I did the front wall first but it still illustrates the method

Finally, mark out the fourth wall in the clay (you may be able to use the previous pattern if you were careful).  Doors and windows are cool but hard to explain.  Mash out a tiny piece of Sculpey so it is super thin, flat and smooth.  Use various tools to then make the negative pattern for window panes, door knobs, heavy iron hinges, etc.  Cut the edges off the Sculpey pattern so it is the proper size and shape.  Gently set this piece of clay where you want the door/window to be.  Use your brick tool to mash down the frame around the opening.  Place the incomplete house into the proper place on the Sculpey negative and make Sculpey masks for the wall edges.  Pour the putty in and reinforce it just like you did the opposite wall.  When it cures, use a hobby knife to gently scoop out the polymer clay from the door and window recesses.  You'll be left with a couple of nicely detailed openings.

Next we'll make the roof and base.  The method costs pennies and is very easy.  The drawback is all the cure time for the putty.  I started work on this 5 days ago, but only put about 10 minutes of work a night on it.  This method is perfect for starship corridors and super high-tech Kirby-esque buildings.  

19 September 2011

Battlesystem (TSR) Review

I just secured the rights to some artwork for my War In Space game.  I'm excited, but that means I need to rewrite, edit, and expand the current download version to make it worthy of the cool cover it will have.  And I still need to finish adding a hex grid to my space mat so I can finish playtesting.   I want to finish some interior art as well, which is ambitious since I've never inked anything in my life.  Oh, and not to mention inspections at my full time job and a number of LabView programs that need to be written and labs wired up for grad school.  So what the hell am I doing talking about Battlesystem (2nd edition) by TSR??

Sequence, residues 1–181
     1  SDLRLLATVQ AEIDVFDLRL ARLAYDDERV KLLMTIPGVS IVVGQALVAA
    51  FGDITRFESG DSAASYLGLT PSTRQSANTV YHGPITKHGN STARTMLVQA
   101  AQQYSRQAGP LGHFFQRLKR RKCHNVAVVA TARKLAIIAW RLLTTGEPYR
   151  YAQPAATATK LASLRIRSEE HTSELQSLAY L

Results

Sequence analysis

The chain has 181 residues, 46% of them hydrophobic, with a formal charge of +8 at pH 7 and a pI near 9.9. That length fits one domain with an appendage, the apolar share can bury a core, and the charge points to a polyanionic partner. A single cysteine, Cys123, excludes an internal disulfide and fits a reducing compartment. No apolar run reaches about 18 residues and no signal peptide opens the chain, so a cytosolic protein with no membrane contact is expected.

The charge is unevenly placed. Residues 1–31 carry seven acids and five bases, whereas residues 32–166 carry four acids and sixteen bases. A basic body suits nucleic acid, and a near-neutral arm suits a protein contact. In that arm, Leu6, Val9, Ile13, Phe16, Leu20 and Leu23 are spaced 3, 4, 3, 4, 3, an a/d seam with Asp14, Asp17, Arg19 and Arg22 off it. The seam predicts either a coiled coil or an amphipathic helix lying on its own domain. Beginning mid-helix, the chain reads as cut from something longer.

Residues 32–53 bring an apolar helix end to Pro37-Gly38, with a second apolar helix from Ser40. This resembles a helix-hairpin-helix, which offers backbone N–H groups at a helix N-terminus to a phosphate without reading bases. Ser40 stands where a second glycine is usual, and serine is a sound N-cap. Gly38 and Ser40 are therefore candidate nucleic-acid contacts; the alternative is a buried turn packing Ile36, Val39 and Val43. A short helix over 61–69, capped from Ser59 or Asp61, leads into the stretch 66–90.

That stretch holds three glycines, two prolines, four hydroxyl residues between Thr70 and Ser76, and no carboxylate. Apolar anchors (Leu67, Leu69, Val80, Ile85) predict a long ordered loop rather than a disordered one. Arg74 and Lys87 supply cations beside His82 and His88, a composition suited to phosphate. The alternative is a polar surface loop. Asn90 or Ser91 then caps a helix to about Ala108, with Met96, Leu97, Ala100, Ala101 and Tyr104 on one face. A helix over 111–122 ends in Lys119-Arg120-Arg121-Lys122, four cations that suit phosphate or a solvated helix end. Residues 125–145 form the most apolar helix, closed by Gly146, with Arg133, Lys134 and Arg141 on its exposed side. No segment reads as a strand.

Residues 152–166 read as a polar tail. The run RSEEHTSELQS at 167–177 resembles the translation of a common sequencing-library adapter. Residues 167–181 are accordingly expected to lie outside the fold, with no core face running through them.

I saw a Battlesystem board get added over on The Miniatures Page (TMP) forums and after wading through all the complaints about obsolete games, I finally learned enough about the game to intrigue me.  I found a near mint copy on eBay for less than 8 bones (including shipping)!  I've not played the game, but here is my first impression.

The game looks very simple, which is a good thing.  Although the book clocks in at 128 pages, the basic rules required to play your first game are complete by the first third.  The intermediate and advanced rules add some neat stuff like monsters and magic, but really none of these extra concepts count as all that "advanced".  All the rules are very tidy but not simplistic.  A good portion of the pages get eaten up by scenarios and painting guides so the book is not as daunting as it seems.

A conversion system exist in the appendix to allow AD&D (1st and 2nd) characters and monsters to appear on the game table during mass combat: a super cool feature.